On a daily basis, MXD+ estimated 8.5 percent internal trips, which makes sense based on the diversity of land uses on site, though the large amount of office ultimately limits internal trip opportunities. External trips made by non-auto modes were estimated at five percent, which is reasonable given the modest transit service provided and limited amount of uses within walking/biking distance of the site.

As was the case for the other two validation sites, application of unadjusted ITE Trip Generation Manual rates resulted in substantial overestimates of actual project trip generation, by as much as 42 percent. And had an analyst instead applied ITE trip rates with the ITE Internalization Method, the site's actual trips would have been underestimated by 13 percent during both the AM and PM peak hours. Not only would this approach have yielded less accurate results than MXD+, but the values themselves would have been underestimates, which is highly undesirable.

Table 7. Avalon Validation Site Trip Generation Comparison

Source of Estimate Daily1 AM Peak Hour1 PM Peak Hour1
Field Measurements in October 2019 33,301 1,685 2,543
MXD+ External Vehicle Trip Generation

33,332

(0%)

1,894

(+12%)

2,674

(+5%)

Unadjusted ITE trip rates

38,406

(+15%)

2,387

(+42%)

3,505

(+38%)

ITE Trip Rates with ITE Internalization Method Not Available

1,461

(-13%)

2,203

(-13%)

1. Values in parentheses represent the percent increase/decrease in trips estimated by the given method versus the 2019 field measurements.

How Planners Can Use MXD+

This section describes how planners can use apply MXD+ on their projects using readily available information and tools. While the process is somewhat arduous (given the inherent complexity of the methodology itself), it is entirely possible to complete provided the analyst has access to various necessary inputs. The following steps will produce MXD+ results:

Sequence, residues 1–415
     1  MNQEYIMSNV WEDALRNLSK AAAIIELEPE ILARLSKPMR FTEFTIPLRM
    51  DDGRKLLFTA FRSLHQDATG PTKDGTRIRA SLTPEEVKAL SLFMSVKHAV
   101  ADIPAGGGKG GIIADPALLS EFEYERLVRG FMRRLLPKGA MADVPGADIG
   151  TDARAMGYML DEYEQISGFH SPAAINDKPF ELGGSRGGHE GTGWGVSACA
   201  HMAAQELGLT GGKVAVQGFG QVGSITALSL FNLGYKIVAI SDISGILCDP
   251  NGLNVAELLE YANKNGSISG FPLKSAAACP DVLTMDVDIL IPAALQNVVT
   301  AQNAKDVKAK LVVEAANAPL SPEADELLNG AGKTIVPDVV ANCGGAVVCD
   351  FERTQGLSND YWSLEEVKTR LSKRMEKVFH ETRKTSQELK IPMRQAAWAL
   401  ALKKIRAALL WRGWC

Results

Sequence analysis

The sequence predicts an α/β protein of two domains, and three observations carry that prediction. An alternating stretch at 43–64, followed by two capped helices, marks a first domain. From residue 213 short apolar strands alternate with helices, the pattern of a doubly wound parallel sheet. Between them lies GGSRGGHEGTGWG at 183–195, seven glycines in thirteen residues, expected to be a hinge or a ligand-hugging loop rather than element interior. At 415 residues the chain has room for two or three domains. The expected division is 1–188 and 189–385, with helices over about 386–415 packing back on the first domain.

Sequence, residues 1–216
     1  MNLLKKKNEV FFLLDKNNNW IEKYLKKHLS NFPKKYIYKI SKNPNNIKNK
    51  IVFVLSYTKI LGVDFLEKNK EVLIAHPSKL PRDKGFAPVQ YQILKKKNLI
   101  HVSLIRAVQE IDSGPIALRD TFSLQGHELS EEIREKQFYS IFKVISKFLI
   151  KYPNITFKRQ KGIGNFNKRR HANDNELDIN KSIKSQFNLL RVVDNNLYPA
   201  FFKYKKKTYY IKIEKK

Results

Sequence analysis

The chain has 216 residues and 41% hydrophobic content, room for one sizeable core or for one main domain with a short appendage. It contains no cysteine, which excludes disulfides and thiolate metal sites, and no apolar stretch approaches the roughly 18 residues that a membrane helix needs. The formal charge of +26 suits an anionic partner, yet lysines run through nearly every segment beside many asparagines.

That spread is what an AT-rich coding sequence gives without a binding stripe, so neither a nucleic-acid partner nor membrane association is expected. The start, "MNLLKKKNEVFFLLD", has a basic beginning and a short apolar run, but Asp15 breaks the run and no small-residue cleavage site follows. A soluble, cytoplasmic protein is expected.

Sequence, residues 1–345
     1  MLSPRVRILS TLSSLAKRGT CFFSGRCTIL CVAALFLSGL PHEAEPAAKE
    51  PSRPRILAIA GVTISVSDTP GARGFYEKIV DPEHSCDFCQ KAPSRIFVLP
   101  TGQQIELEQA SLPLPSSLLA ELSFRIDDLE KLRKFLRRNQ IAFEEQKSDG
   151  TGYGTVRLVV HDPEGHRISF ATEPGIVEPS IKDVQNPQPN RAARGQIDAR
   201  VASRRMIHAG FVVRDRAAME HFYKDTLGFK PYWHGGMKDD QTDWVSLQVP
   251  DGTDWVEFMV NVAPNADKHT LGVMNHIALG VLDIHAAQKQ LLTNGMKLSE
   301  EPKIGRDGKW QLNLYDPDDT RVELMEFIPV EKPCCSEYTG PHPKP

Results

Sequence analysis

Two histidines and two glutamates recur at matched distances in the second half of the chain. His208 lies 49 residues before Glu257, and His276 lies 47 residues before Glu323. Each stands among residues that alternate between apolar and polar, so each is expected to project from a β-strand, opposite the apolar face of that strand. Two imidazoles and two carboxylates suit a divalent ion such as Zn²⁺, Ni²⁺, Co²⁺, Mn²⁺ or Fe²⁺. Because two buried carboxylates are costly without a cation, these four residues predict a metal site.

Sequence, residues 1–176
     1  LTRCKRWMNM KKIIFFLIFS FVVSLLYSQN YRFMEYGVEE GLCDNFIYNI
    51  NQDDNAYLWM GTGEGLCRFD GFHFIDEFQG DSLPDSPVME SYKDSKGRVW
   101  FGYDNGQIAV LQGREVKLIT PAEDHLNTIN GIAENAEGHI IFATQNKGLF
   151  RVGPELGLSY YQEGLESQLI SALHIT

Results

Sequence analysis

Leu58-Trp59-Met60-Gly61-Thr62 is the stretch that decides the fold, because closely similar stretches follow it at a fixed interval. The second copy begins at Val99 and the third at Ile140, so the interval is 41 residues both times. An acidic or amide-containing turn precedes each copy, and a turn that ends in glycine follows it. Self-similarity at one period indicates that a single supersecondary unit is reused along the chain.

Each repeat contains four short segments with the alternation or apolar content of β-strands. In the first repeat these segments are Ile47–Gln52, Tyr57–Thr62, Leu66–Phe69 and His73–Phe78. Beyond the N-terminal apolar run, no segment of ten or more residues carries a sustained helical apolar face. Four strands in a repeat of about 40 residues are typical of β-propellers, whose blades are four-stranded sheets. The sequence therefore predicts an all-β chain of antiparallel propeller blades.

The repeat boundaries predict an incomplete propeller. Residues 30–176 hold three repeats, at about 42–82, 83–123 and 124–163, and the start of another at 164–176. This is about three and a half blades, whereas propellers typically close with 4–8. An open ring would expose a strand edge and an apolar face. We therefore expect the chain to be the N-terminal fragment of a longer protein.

Step 1: Download the original MXD model from the Fehr & Peers website's MXD+ page.

This is the same model that resides on the EPA MXD website, but this version has been modified to reflect the peak hour factoring values from Table 3 of this PAS Memo.

Step 2: Download the ITE Trip Generation Handbook Internalization Method spreadsheet from the ITE website.

Step 3: Enter/calculate project land uses, site characteristics, and trip generation estimates in each spreadsheet. This step requires that the project's trip generation be estimated using the ITE Trip Generation Manual, 10th Edition for the suburban/urban place type. Most agencies, planning organizations, and planning/engineering firms have access to this data.

Step 4: Apply the following blending of results from the two spreadsheets.

  • Daily: 100% Modified EPA MXD
  • AM Peak Hour: 89.9 percent Modified EPA MXD / 10.1 percent ITE Internalization
  • PM Peak Hour: 63.5 percent Modified EPA MXD / 36.5 percent ITE Internalization

The source of these blending ratios is Table 1 of the 2013 PAS Memo. Note that the daily estimate is based entirely on the Modified EPA MXD spreadsheet because the ITE Internalization Method does not estimate internal trips for daily conditions.

Conclusion

Planners are at risk of severely overestimating a mixed use project's trip generation if they apply unadjusted ITE trip generation rates. As documented in published resources such as the Trip Generation Handbook and quantitatively demonstrated by the three validation sites described above, unadjusted ITE rates overestimated each site's actual vehicular trip generation by about 50 percent during weekday AM and PM peak hours.

ITE has attempted to address these inaccuracies by integrating the NCHRP 684 trip internalization methodology into its guidance. However, in terms of predictive ability, MXD+ performed much better than the ITE Internalization Method. For the three validation sites, MXD+ had an average error of seven percent during the AM peak hour, as compared with an average error of 25 percent for the ITE Internalization Method. During the PM peak hour, MXD+ had an average error of four percent, as compared with an average error of 10 percent for the ITE Internalization Method.